As part of the career development of employees, around 50% of the survey participants would like to develop their leadership skills. On industry-related trainings, they would like to receive training in Supply Chain Fundamentals, Technological Developments in Logistics and Service/Reverse Logistics. Companies can and should do more to identify what type of training professionals require to assist/enable professionals to make career steps within the company.

In general, investment in training has two advantages for companies. It improves employees’ skills thereby increasing their productivity and also serves as the main predictor of retention. Employees feel more appreciated and see better career prospects if training is offered to them by their company. Especially in the Netherlands training is not yet perceived as a key component of a retention strategy. None of the companies surveyed in the Netherlands mention retention as a goal of training.

Europhia Consulting therefore advises these companies to use training more as part of their retention strategy and to come up with clear development processes and strategies that are visible to prospective employees as well as being a powerful tool to retaining existing employees.

HR Perspectives

Many HR professionals expressed in the survey that they focus on monetary compensation (basic salary and bonus and allowance packages) as the most effective tool to attract talent. The majority of the survey respondents actively benchmark their compensation levels against industry averages. However, it seems that this focus does not translate to salary packages being aimed at above industry averages, since the majority of the HR professionals maintain their compensation levels at an industry average level.

Only close to half of the HR professionals surveyed consider the provision of a structured career plan as an effective tool. In the previous section, it was revealed that professionals consider career opportunities as the most important factor in their career motivations. Therefore, there seems to be a gap between the tools that HR are using to attract talent versus what matters most to prospective employees. This could be an opportunity for companies to explore in redefining their HR recruitment and retention strategies.

Employerbility – The Tables Have Turned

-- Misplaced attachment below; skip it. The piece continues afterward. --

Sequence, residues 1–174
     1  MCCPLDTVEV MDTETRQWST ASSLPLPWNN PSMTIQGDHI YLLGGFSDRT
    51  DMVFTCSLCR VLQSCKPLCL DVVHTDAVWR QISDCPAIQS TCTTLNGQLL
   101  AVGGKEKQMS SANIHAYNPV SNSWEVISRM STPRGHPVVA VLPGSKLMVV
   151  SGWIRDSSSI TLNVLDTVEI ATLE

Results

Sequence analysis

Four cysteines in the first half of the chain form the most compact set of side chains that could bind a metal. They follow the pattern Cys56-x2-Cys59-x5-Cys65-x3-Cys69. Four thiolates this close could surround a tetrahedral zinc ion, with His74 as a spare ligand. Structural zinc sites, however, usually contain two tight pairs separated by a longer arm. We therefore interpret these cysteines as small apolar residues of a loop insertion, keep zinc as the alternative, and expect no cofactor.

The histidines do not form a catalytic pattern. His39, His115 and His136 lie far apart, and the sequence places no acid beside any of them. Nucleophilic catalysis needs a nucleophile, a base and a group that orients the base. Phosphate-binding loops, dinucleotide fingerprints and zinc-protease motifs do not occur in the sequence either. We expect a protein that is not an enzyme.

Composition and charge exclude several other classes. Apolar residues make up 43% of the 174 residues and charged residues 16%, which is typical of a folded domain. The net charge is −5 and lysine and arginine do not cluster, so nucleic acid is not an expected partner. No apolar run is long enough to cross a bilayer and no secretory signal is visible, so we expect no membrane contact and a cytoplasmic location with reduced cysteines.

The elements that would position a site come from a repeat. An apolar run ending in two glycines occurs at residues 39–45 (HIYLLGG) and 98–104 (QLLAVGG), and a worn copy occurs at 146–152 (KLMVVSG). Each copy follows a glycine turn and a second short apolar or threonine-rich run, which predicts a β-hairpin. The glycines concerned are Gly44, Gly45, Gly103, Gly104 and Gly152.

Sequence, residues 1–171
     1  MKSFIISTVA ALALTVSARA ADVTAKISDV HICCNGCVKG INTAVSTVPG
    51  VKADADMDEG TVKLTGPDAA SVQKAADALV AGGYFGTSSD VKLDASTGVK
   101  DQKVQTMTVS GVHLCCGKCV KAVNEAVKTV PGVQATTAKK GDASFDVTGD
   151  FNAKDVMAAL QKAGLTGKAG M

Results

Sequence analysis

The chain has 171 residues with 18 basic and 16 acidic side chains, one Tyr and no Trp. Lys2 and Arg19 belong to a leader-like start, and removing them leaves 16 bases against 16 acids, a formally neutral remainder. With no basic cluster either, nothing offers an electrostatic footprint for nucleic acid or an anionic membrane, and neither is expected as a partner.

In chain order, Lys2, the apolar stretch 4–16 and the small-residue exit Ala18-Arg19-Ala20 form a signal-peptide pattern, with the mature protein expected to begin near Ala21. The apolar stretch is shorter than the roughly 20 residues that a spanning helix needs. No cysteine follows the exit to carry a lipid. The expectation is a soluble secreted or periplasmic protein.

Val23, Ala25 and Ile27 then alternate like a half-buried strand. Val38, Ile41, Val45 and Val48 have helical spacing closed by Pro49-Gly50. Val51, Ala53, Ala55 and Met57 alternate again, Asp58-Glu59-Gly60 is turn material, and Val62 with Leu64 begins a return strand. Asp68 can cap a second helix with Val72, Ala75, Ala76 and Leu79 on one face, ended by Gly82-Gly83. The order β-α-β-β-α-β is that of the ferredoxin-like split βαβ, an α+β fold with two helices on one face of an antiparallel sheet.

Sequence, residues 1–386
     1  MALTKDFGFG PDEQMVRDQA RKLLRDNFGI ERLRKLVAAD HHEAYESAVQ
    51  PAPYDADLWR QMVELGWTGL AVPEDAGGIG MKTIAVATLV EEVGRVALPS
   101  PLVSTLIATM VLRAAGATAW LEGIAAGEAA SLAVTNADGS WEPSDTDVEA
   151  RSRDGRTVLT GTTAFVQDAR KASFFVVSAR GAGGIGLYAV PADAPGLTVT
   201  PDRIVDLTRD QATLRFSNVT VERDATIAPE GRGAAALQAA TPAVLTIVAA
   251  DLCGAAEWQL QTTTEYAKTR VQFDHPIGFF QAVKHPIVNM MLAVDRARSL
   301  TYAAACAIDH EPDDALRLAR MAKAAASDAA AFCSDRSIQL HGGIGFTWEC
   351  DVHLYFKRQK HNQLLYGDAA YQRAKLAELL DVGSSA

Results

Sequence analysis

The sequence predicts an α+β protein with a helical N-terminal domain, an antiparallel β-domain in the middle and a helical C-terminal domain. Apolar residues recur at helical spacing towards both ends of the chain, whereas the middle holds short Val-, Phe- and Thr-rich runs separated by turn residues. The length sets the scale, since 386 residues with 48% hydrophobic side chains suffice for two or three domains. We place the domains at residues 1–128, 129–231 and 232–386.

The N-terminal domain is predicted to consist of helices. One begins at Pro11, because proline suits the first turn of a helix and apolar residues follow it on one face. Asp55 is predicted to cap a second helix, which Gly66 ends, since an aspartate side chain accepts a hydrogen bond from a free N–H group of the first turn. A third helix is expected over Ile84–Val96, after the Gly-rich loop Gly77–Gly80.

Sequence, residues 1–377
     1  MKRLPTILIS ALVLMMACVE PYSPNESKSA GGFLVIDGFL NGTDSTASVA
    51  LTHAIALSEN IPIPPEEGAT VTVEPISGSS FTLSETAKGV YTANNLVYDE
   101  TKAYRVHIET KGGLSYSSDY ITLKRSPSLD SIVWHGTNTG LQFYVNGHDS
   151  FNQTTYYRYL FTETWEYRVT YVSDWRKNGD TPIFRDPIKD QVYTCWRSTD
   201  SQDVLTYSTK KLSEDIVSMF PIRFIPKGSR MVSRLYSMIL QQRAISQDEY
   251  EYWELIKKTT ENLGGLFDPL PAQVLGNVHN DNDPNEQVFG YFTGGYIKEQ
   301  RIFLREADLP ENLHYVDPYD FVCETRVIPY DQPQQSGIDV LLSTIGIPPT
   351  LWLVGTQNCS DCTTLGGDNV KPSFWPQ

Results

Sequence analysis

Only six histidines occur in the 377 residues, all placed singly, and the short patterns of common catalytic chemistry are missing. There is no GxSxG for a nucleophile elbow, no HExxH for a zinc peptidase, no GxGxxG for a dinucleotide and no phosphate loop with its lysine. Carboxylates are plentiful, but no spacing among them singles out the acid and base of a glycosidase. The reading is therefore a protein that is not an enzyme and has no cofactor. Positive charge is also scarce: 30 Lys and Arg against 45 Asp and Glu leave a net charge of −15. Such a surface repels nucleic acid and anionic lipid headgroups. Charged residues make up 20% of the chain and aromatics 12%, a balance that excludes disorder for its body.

In the nineties, the buzzword was the “employability” of individuals to better equip themselves with relevant skills and experience for the labour market. Today, as the labour market has become tight and the competition for talent increases, we at Europhia Consulting talk about “employerbility”, which describes what companies must do to be recognised as an “employer of choice”. The tables have turned. Current developments indicate that in today’s labour market it is the employer who must invest the time and effort to develop a strong HR strategy to promote the employer’s marketability. This forms the key to attracting and retaining talent. Therefore, Europhia Consulting advises clients to invest in a robust HR strategy to promote the employer’s marketability in the industry.

Most companies do not have a clear HR strategy yet to deal with the current market situation, as was shown by Europhia’s 2007 International Recruitment and Training Survey. Companies still focus too much on monetary compensation to attract talent. Although it remains an important factor, it is no longer sufficient to only offer an attractive salary package. An increasing number of professionals make their career choice based on career opportunities, company culture, management recognition, and company reputation.

Therefore, it would be advisable for companies to focus more on the “other” key factor in making a career choice, which is “career opportunities” and thus offer clearer and more structured career plans as well as opportunities for personnel development. In addition companies should also take further factors, such as corporate culture and company reputation into account. For corporate culture it is the dimension of employee orientation that is most important in attracting and retaining talent. Companies should thus invest time and resources to develop or sustain their corporate cultures in a way that makes it attractive for professionals to join and stay by acknowledging and addressing the employees’ needs.

Most importantly, companies can do more to communicate their company’s people development strategy out to the labour market to improve their “employerbility”. A wide range of marketing tools is available to improve a company’s exposure in the market place as “employer of choice”. For example, some companies run a Young Executive Talent Program, other companies are present at career fairs.

Time for actions

HR and industry professionals in different forums have written and presented around the topic of attracting and retaining talent in an overheating labour market internationally.

Even more than before it is important to recognise Human Capital as a company’s most strategic asset that can provide a competitive edge over other companies in the logistics industry. It is therefore important for companies to understand the current market place for labour, understand what really motivates (prospective) employees and to reshape their HR strategy accordingly.